20 Creative Ways to Use Protein Powder 

Growing Naturals - Cooking & Baking with Proteins 101

Protein powders can be used for much more than you think!

There’s nothing like an ice cold smoothie in the dead of the summer or a chilled shake to cool you off after a sweaty workout sesh. Growing Naturals protein powders are perfect for such occasions where you can pair them with just about any liquid or other ingredient your little heart desires–fruits, nuts, grains, spices, herbs—you name it! With endless add-in options, you could whip up protein-packed, liquid versions of anything from dessert, to a classic American breakfast or just a regular cup of Joe.

But what if instead of ice-cold you wanted something warm or savory for Fall/Winter? Or what if you wanted something to chew on instead of drink?  After all, as humans with teeth, there’s as reason why chewing food is so much more satisfying than drinking it.  Can Growing Naturals rice and pea proteins be used for baking and cooking?

Absolutely!

If you hadn’t noticed on our recipes page, our rice and pea proteins can be used in just about anything sweet to savory.  Here are about 20 ways we thought of:  pancakes, waffles, breads/muffins, cakes/cupcakes, energy balls, doughnuts, bars, oatmeal, (or any other porridge-type meal), granola, pudding, chocolates, cookies, brownies, salad dressings, hot beverages, soups, casseroles, etc.

Many of these foods are traditionally high in sugar/carbs and low in protein, even more so if they are made without eggs, dairy or gluten (all major sources of protein, but also allergens to millions of people). By adding Growing Naturals rice or pea protein you could boost the protein content of that food, thereby making it more nutritious.  Not that there’s anything wrong with an occasional sweet treat, but who wouldn’t feel better about eating high protein brownies?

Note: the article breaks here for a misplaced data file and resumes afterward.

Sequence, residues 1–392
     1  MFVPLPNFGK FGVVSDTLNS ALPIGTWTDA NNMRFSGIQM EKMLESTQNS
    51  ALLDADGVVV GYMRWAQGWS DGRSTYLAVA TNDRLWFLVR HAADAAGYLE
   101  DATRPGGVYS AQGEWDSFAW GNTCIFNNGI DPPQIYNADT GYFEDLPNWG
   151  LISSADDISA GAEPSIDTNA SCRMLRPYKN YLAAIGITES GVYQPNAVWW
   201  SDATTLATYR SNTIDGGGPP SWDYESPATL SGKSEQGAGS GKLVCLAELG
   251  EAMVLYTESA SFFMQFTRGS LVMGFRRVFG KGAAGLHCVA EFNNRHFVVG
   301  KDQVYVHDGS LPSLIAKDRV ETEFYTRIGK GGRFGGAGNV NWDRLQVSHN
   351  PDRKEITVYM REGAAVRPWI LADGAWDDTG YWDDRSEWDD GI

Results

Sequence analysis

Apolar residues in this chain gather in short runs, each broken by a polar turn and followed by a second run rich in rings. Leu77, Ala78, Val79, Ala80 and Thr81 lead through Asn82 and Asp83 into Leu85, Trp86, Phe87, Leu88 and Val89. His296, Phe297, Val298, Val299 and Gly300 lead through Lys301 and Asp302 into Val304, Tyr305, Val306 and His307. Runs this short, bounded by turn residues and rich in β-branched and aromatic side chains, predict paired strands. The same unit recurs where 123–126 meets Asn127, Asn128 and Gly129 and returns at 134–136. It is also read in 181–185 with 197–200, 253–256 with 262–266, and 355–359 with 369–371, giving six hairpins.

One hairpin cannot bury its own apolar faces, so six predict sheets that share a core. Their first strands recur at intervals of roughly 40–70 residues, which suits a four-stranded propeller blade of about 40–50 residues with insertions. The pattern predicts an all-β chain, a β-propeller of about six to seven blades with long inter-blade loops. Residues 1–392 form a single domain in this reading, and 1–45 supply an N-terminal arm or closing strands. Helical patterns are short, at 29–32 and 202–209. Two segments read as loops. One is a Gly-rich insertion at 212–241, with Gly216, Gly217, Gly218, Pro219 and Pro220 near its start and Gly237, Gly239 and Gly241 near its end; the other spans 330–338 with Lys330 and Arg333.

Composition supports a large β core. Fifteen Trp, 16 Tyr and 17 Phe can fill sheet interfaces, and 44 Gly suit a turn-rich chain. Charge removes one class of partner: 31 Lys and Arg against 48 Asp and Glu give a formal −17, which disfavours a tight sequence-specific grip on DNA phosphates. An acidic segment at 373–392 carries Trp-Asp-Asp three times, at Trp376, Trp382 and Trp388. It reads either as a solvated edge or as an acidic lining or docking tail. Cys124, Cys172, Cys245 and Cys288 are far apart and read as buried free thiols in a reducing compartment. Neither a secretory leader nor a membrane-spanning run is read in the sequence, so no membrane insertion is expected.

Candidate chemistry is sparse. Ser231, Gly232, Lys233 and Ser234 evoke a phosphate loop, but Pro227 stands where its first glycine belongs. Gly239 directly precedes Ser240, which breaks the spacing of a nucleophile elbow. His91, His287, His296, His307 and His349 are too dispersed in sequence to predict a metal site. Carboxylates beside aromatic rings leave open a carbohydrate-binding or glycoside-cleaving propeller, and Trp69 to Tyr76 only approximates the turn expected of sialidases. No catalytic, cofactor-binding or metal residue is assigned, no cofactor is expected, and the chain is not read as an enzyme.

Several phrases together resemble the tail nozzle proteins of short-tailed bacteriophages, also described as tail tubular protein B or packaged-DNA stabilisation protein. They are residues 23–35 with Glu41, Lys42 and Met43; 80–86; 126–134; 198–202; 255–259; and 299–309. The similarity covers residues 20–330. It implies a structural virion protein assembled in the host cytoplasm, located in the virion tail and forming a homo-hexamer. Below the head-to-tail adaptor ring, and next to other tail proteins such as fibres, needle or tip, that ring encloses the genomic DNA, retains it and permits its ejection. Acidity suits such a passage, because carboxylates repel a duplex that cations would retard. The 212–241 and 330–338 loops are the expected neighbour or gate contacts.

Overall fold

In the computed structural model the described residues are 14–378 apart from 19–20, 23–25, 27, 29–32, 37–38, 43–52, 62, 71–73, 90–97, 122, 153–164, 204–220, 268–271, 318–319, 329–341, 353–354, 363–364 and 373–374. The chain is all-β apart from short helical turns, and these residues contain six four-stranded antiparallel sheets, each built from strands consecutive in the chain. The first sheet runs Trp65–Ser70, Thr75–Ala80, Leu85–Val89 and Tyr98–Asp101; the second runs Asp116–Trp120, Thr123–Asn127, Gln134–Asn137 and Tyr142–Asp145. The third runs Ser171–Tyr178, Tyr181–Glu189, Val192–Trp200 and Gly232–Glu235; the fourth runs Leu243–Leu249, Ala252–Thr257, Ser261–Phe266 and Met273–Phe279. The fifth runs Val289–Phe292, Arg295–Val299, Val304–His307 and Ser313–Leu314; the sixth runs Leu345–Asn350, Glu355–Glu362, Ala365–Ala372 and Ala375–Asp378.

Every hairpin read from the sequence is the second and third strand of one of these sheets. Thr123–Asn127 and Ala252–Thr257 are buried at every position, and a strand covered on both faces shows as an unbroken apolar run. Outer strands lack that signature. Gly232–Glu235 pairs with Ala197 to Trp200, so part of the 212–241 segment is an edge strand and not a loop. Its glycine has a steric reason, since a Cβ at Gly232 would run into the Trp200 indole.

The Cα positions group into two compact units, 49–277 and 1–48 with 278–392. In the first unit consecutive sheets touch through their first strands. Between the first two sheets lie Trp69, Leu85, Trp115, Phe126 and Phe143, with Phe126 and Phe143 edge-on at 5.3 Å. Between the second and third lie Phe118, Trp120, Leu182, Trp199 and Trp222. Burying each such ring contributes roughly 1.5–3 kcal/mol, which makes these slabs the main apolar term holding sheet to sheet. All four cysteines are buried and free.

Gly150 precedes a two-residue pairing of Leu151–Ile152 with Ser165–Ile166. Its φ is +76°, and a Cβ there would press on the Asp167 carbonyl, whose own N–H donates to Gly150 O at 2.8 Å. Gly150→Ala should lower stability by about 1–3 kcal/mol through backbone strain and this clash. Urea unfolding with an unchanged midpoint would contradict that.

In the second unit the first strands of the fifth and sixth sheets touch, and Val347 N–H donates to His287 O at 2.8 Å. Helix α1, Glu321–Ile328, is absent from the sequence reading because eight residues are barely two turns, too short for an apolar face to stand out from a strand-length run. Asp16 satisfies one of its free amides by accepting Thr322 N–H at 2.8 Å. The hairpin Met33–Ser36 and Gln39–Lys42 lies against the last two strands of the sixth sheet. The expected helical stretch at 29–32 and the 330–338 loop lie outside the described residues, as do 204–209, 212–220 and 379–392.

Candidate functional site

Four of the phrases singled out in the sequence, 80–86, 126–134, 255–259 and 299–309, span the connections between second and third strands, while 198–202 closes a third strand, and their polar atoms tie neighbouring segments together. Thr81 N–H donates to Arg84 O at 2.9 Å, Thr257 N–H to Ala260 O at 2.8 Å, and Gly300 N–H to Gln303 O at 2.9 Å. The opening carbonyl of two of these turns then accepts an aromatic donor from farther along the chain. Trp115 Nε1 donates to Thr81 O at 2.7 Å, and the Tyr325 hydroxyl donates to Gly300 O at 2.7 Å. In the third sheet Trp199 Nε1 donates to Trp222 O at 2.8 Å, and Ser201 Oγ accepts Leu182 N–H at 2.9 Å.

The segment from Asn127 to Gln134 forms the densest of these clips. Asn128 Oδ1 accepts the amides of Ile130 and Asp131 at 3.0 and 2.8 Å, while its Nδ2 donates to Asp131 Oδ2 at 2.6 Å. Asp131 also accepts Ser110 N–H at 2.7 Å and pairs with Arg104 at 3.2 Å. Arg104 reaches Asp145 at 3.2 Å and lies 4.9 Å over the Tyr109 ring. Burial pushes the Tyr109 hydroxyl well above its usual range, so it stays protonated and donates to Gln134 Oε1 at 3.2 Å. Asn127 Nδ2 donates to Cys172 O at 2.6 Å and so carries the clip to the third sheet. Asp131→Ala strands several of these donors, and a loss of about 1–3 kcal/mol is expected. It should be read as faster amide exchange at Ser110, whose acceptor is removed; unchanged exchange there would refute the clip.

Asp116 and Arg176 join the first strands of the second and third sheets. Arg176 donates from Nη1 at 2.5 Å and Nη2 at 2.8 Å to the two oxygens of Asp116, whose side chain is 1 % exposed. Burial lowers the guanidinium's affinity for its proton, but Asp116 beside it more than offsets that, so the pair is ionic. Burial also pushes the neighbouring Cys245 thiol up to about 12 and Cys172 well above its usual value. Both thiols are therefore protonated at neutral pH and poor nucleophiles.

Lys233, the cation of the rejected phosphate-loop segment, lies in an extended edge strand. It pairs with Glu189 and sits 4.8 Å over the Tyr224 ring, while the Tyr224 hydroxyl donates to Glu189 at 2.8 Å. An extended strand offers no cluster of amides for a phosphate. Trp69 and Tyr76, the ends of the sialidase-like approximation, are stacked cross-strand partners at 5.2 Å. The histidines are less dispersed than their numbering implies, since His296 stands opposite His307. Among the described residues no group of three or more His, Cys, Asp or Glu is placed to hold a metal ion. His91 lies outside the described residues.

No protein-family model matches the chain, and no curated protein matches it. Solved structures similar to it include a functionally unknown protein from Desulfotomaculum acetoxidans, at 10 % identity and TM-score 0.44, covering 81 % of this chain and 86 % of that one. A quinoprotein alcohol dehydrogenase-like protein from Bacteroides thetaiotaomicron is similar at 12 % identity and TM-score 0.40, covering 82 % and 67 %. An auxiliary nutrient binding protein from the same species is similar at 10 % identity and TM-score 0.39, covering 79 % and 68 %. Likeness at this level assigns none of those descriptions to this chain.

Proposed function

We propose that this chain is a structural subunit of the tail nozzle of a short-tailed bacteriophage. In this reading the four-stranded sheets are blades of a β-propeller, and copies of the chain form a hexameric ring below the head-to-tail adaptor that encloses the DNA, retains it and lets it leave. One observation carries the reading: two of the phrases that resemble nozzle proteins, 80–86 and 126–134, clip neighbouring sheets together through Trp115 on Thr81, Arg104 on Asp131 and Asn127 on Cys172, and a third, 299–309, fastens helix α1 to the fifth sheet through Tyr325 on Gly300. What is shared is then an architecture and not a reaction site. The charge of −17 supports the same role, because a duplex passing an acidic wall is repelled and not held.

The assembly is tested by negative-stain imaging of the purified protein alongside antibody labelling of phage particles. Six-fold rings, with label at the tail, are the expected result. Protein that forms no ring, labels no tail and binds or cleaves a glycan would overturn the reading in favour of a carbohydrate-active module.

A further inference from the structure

Not only that, but the added protein can help to satisfy hunger, and minimize blood sugar spikes otherwise caused by those high sugar/carb baked goods or sweets.

Strawberries And Cream Oatmeal

 

Oatmeal & Granola

1 cup of cooked oatmeal (made with water) contains about 6g of protein and 28g carbs. You could add a whole scoop of protein to this if you wanted, but by adding even one tablespoon of vanilla rice protein (for example), you would now be having 11g protein and 28g of carbs—almost twice of what it originally was on protein, and no added carbs.  Plus you get the vanilla flavor as a bonus.

This delicious strawberries & cream oatmeal recipe was made with ½ scoop of our new strawberry flavored rice protein and another ½ scoop of vanilla rice protein, for a whopping 30g of protein total.  Goodbye hunger!

The same could be done with other breakfast-type porridges made from quinoa or grits, or even the increasingly popular “power bowls.” The beauty of it is being able to use the type and flavor of protein you like best and tailoring the amount of powder used to your individual needs.

Double Chocolate Brownies

Gluten-free Baking

Many grain-based, gluten-free flours are very low in protein, especially those used for baking like tapioca-, sorghum-, rice-, and potato flour.  They range from 0-4 grams of protein per ¼ cup of dry powder.  If you eat eggs and dairy, then adding protein in your pancake, waffle, muffin, bread, or other baked goodie is probably not an issue. But for those who can’t have eggs/dairy or choose not to, then Growing Naturals pea- and rice protein can serve as the protein source in those foods.

Check out this nutritious and gluten-free waffle recipe featuring our vanilla rice protein, coming in at 12g protein per 2 small waffles! Or how about these decadent, plant powered Double Chocolate Brownies made with our new chocolate pea protein powder, coming in at 10g protein per serving.  Is it dessert or is it nutrition?

Non-Dairy Milks